UPDATE: May 11:
Advocates for Justice, a public interest law firm, issued this clarification statement today regarding the education council elections:
May 12th deadline set for resolution of Parent-DOE talks
May 11, 2011, New York, NY --- Advocates for Justice, a public interest law firm, represents the New York City Parents Union and other parents in pending litigation regarding the various education elections within the City. In an effort to clarify the status of these elections, Arthur Z. Schwartz, Esq., President of Advocates for Justice, released the following statement:
"The start of the second round of the various education elections, which our clients, including the New York City Parents Union, sued to stop, has been put off by agreement until Tuesday, May 17. The New York City Department of Education has made no other commitments at this time. We continue to talk. To be absolutely clear, we continue to seek a totally new citywide parent advisory vote and we maintain that the first round of voting was not legitimate, specifically that parents were disenfranchised, eligible candidates were not included on the various ballots, and parent voters were not adequately informed about the vote and about their choices.
If we cannot reach agreement on this with the Department of Education by 9:00 AM this Thursday, May 12th, and if the Department chooses to press ahead with the second round of voting next Tuesday, we will return to Court to seek the stay we initially sought on May 9.
For now, we have no reason to believe that the Department of Education is not engaging in good faith."
May 10 post:
This year's community and citywide parent council elections have been fraught with snafus. So many errors in the process were reported that school's Chancellor Dennis Walcott agreed to extend the voting period for another week. But, according to Manhattan Borough President Scott Stringer, Public Advocate Bill de Blasio, and members of many parent councils, one week is not enough time to correct the problems that have marred the elections so far. And, this afternoon, an organization called "Advocates for Justice," announced, after a meeting with Department of Education officials, that the "elections are on hold".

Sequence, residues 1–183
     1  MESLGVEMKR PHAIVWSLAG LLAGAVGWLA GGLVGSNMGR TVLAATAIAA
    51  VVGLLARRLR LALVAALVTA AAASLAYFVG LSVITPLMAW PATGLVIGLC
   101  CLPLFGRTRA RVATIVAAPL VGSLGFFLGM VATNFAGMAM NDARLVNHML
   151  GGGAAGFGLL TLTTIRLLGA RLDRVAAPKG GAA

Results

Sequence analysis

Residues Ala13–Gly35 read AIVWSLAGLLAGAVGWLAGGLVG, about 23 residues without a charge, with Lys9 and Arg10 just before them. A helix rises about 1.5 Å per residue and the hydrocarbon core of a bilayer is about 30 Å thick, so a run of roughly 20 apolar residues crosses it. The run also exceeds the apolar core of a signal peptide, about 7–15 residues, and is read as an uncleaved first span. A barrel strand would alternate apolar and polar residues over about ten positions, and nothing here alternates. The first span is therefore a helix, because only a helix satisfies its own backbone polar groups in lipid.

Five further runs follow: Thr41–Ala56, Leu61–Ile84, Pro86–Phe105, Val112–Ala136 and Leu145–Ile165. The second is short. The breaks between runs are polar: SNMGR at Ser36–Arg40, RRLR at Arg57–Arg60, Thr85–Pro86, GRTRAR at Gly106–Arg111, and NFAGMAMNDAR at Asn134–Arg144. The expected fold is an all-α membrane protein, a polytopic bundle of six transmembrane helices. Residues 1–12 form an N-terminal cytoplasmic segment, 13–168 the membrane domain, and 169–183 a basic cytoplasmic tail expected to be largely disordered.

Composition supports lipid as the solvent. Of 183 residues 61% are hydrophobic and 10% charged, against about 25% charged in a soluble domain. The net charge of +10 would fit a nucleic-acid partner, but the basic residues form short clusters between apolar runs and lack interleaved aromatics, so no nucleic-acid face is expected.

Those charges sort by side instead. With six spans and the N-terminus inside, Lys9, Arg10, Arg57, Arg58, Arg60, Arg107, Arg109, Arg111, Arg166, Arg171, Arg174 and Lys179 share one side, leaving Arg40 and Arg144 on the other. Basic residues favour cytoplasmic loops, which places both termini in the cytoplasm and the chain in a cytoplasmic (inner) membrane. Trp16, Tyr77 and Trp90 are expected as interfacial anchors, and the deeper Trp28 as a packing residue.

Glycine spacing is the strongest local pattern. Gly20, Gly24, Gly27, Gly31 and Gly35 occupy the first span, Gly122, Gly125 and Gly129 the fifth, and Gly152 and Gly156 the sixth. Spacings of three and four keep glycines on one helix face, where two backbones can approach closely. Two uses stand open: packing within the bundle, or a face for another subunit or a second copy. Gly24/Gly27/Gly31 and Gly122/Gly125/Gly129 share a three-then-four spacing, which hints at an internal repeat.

A press release from the organization states: "All parties agreed that the discussion and negotiations pertaining to this matter will be kept confidential at this time, however, we did agree -- and it is public information -- that the election processes [for the councils] are on hold."
On Monday, Walcott issued a statement saying: "After reviewing concerns raised by parents and public officials about this year’s Citywide and Community Education Council elections, I have concluded that the process could and should have been handled better. The councils play an important role in giving voice to parents and community members, and in order to ensure fairness, I am postponing the process by one week. During that time, we will work to make sure that information about candidates is distributed widely so that the process is as inclusive as possible. We expect that Council members will still begin their terms on July 1.”
Today, Stringer, Public Advocate Bill de Blasio, along with a few dozen parents, held a press conference at DOE headquarters where they said one week was not enough time to sort out the problems in this year's election. Advocates for Justice issued its press release this afternoon.
- Parent straw voters could not see the names of the candidates when they tried to vote, unless they entered an ID number which many of them never received. The candidates name came online three days after the voting began, following a NY Post article about the problem.
- Candidates reported their names did not appear on the ballots even though they were qualified.
- At the District 1 candidate forum, attendees found there were only 12 candidates (for 9 elected seats), although the DOE reported that there were 44 candidates. According to District 1 parent Lisa Donlan, reporting on the NYCeducationnews listserv, an OFIA (Office of Family Information and Action) representative said that if an applicant had filled out the district section incorrectly, the candidates name went into the District 1 race by default.
- Many of the candidate statements did not indicate where their child attends school. Since no school can have more than one parent elected to any of the councils, it was not clear to parent voters which schools the parents represent.
Citywide and District Community Education Councils are parent advisory boards that approve zoning changes and offer recommendations on Department of Education policies, particularly on how school buildings should be used. The councils, which replaced the old school boards, have little actual power and their monthly meetings are usually not well-attended. Each council has nine parent elected representatives and two appointees from either the borough president or the Public Advocate.
Stay tuned...this saga is probably not over!